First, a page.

The UK Muslim Women's Network produced a report on CSE in September 2013 which drew on 35 case studies of women from across the UK who were victims, the majority of whom were Muslim. It highlighted that Asian girls were being sexually exploited where authorities were failing to identify or support them. They were most vulnerable to men from their own communities who manipulated cultural norms to prevent them from reporting their abuse. It described how this abuse was being carried out. 'Offending behaviour mostly involved men operating in groups . . . The victim was being passed around and prostituted amongst many other men. Our research also showed that complex grooming ‘hierarchies’ were at play. The physical abuse included oral, anal and vaginal rape; role play; insertion of objects into the vagina; severe beatings; burning with cigarettes; tying down; enacting rape that included ripping clothes off and sexual activity over the webcam.' This description mirrors the abuse committed by Pakistani-heritage perpetrators on white girls in Rotherham.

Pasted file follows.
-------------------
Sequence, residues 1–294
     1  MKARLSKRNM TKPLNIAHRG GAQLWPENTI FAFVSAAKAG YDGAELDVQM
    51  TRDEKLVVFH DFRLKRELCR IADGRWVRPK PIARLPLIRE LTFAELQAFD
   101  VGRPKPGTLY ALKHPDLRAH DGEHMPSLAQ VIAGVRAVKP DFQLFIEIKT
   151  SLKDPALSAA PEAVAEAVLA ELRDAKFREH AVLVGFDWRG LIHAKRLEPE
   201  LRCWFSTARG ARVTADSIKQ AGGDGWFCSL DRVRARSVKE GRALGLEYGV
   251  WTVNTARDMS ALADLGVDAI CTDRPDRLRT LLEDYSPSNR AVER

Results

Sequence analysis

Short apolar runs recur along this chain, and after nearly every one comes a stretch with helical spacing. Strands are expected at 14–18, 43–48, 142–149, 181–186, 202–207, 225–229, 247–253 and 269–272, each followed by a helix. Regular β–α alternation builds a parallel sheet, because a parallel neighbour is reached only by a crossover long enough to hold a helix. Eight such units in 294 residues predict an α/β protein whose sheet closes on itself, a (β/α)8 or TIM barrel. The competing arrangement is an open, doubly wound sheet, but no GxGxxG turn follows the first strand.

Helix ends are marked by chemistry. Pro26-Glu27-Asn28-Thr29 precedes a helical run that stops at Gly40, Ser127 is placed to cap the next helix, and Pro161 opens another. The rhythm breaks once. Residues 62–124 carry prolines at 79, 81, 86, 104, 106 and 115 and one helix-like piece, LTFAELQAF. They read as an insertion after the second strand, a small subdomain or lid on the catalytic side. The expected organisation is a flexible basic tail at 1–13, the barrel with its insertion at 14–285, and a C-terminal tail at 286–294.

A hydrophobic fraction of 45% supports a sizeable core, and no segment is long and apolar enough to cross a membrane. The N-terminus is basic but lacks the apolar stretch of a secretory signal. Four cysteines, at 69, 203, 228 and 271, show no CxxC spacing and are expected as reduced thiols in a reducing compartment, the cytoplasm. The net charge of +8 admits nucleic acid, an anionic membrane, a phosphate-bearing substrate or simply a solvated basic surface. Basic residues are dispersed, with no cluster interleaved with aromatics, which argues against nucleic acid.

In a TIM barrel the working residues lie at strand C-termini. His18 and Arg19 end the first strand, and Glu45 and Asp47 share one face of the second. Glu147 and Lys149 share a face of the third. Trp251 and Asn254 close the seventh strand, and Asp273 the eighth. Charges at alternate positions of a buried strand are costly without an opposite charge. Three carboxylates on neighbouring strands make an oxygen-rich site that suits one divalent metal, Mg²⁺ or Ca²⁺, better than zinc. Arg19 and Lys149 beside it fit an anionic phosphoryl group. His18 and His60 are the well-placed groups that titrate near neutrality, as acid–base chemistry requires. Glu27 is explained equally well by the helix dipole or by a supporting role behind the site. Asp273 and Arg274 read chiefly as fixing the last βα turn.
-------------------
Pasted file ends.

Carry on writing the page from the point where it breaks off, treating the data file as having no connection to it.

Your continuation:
11.16 The Deputy Children's Commissioner’s report reached a similar conclusion to the Muslim Women's Network research, stating 'one of these myths was that only white girls are victims of sexual exploitation by Asian or Muslim males, as if these men only abuse outside of their own community, driven by hatred and contempt for white females. This belief flies in the face of evidence that shows that those who violate children are most likely to target those who are closest to them and most easily accessible.' The Home Affairs Select Committee quoted witnesses saying that cases of Asian men grooming Asian girls did not come to light because victims 'are often alienated and ostracised by their own families and by the whole community, if they go public with allegations of abuse.'
By 2012, it seemed that child sexual exploitation had become a standard feature in the planning of training programmes. A training package in CSE was designed for Muslim community leaders; and the Safeguarding Board provided a training course in the identification of indicators relating to CSE. In March 2013, it was reported that all schools, including faith schools, had signed up for training related to CSE. Members of the Safeguarding Board devoted time to the discussion of the National Working Group Network’s e-learning package on CSE.You can see, then, that the Islam factor is only ever mentioned in the report in order to downplay its significance.